The Netherlands' name reflects its low-lying topographywith more than
a quarter of its total area under sea level.
Now a constitutional monarchythe country began its independent life as a republic in the 16th centurywhen the foundations were laid for it to become one of the world's foremost maritime trading nations.
Although traditionally among the keener advocates of the European UnionDutch voters echoed those in France by spurning the proposed EU
constitution in a 2005 referendum.
The Netherlands has produced many of the world's most famous artists from Rembrandt and Vermeer in the 17th century to Van Gogh in the 19th and Mondrian in the 20th. It attracts visitors from across the globe.
Amsterdam: Much of the city lies ator belowsea level
After a longstanding policy of neutrality between Europe's great powersthe
bitter experience of invasion and occupation during World War II led the Netherlands to become a leading supporter of international cooperation.
Almost 20% of the total area of the Netherlands is waterand much of the land has been reclaimed from the North Sea in efforts which date back to medieval times and have spawned an extensive system of dykes.
It is one of the world's most densely populated nations. As in many European countriesover-65s make up an increasing percentage of that populationleading to greater demands on the welfare system.
After two decades of strong growth and low unemploymentthe economy ran into more troubled waters as global tradein which the Netherlands is a major playerslowed in the early years of the new millennium.
There was concern that Dutch society's longstanding tradition of tolerance was under threat when homosexual anti-immigration politician Pim Fortuyn was assassinated in 2002.
Anxiety over increased racial tension has intensified further since the murder in 2004 of Theo Van Gogh who had made a controversial film on the position of women in Islamic society. A violent extremist later confessed and was jailed for life.
After Mr Van Gogh's killingthe government hardened its line on immigration and failed asylum seekers.
- Full name: The Kingdom of the Netherlands
- Population: 16.6 million (UN2009)
- Capital: Amsterdam; seat of government: the Hague
- Area: 41,864 sq km (16,164 sq miles)
- Major language: Dutch
- Major religion: Christianity
- Life expectancy: 78 years (men)82 years (women) (UN)
- Monetary unit: 1 euro = 100 cents
- Main exports: Metal manufacturingchemicalsfoodstuffs
- GNI per capita: US $50,150 (World Bank2008)
- Internet domain: .nl
- International dialling code: +31
Head of state: Queen Beatrix
Prime minister: Jan Peter Balkenende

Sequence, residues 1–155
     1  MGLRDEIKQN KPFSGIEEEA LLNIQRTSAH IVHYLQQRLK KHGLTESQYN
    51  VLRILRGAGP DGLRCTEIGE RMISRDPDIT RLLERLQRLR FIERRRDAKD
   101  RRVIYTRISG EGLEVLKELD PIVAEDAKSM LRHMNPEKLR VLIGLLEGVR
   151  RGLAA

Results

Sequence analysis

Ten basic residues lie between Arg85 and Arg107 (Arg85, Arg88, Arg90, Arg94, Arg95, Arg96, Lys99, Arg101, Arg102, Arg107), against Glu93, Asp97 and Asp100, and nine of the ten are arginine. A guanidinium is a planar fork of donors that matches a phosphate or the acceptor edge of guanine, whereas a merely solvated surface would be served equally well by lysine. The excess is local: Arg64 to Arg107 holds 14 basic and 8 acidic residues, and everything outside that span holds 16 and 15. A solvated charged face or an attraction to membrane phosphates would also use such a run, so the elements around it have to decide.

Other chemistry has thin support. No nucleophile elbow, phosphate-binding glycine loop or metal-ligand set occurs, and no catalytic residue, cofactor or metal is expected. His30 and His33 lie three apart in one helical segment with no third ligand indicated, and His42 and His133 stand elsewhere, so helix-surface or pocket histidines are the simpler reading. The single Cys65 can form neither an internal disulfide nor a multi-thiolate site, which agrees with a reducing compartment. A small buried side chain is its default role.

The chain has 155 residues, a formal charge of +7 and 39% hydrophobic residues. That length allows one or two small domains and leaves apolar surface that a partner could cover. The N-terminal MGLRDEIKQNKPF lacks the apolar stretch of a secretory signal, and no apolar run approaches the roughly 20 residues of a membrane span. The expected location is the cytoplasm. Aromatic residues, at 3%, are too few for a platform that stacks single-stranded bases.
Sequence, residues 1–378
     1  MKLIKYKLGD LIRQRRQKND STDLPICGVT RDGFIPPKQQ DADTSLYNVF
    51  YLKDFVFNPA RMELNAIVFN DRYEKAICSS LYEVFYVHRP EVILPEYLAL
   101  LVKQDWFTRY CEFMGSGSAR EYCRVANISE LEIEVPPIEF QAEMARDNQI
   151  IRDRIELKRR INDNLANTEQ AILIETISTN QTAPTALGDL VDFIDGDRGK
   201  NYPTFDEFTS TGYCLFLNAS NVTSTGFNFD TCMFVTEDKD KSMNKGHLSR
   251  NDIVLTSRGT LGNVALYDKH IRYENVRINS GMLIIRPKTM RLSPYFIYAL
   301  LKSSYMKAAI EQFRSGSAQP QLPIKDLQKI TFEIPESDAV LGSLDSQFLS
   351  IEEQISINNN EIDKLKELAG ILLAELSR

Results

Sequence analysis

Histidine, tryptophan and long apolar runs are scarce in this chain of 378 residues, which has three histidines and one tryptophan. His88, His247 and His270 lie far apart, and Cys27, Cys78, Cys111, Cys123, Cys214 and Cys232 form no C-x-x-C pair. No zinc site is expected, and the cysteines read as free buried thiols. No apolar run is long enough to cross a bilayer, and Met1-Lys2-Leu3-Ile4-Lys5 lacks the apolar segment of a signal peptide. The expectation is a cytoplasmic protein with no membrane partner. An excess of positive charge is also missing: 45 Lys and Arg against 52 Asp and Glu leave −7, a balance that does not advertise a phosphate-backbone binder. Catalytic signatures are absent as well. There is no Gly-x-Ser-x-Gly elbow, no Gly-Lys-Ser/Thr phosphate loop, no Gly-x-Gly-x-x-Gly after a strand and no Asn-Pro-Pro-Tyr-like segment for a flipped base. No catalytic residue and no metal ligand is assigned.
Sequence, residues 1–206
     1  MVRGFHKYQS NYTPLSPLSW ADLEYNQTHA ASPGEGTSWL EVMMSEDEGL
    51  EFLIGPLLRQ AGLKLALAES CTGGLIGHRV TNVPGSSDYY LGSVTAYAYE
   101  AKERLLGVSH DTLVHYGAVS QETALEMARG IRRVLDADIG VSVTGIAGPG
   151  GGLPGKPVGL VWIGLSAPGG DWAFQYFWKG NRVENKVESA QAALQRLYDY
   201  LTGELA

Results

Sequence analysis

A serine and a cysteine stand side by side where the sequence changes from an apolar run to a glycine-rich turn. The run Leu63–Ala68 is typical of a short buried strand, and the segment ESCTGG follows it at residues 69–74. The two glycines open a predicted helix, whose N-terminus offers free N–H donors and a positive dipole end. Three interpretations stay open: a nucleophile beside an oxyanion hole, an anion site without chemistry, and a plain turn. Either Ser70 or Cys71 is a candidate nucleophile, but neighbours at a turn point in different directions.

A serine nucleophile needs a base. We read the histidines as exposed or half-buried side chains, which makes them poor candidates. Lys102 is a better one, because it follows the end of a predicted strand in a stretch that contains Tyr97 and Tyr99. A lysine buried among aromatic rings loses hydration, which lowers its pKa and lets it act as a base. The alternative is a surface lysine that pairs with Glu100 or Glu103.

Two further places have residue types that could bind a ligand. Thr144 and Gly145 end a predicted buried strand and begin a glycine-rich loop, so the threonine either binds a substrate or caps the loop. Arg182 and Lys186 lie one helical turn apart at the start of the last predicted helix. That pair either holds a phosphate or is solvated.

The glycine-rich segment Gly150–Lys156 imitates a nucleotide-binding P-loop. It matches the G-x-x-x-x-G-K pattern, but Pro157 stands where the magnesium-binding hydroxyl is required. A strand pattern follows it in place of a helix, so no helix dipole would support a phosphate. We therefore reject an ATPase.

Queen Beatrix appointed Jan Peter Balkenende as head of a three-party centrist coalition in February 2007three months after general elections in November 2006.
Prime Minister Balkenende's former coalition sought to curb spending
Mr Balkenende's Christian Democrats govern with the Labour Party and the Christian Union.
He was forced to call early elections after his centre-right coalition collapsed in June 2006 in a row over immigration policy.
It was made up of the Christian Democratsthe free-market People's Party for Freedom and Democracy (VVD) and the small centrist party Democrats-66.
The new government is expected to slow the pace of economic reform; its predecessor had introduced austerity measures to tackle unemploymentslow growth and a budget deficit. Spending cuts and welfare reforms sparked street protests.
It is expected to take a softer line on immigration and has announced an
amnesty for many failed asylum seekers.
The administration includes the first Muslims to attain cabinet rank.
Mr Balkenende was 46 when he first became prime minister in 2002. He had never held cabinet office before and became leader of his party in parliament only in 2001. He holds a degree in economics and law and is a devout Calvinist.
The Dutch approach to public broadcasting is unique. Programmes are made by a variety of groupssome reflecting political or religious currents in societyothers representing interest groups. These organisations are allocated airtime on TV and radioin line with the number of members they have.
Public radio and TV channels face stiff competition from commercial stationswhich mushroomed after a 1988 law lifted the ban on commercial broadcasting.
The TV market is very competitive. Viewers have access to a wide range of domestic and foreign channelsthanks mainly to one of the highest cable take-up rates in Europe. Every province has at least one local public TV channel. The three national public TV stations enjoy high audience shares.
Freedom of the press is guaranteed by the constitutionas is free speech. Newspaper ownership is highly concentrated. Most titles are broadsheets; Dutch readers have not developed a taste for tabloid sensationalism.
- Algemeen Dagblad - nationaldaily
- NRC Handelsblad - nationaldaily
- De Telegraaf - nationaldaily
- De Volkskrant - nationaldaily
- Trouw - nationaldaily
- Het Parool - Amsterdam daily
- Het Financieele Dagblad - financial daily
- Elsevier - news weekly
- Vrij Nederland - news weekly
- NOS - oversees the country's three national public networks
- BVN TV - publicfor Dutch-speakers abroad
- RTL - commercialoperates RTL4RTL5RTL7 and RTL8
- SBS - commercialoperates SBS6Net5 and Veronica
- NOS - oversees public radio stationsincluding news and information station Radio 1music network Radio 2pop station 3FMcultural station Radio 4
- Radio Netherlands - international broadcasterlanguage services include English
- Sky Radio - popular commercial FM stationcontinuous music
- Radio 538 - popular commercial FM stationpop and dance music
- BNR Nieuwsradio - commercialnews
Algemeen Nederlands Persbureau (ANP)
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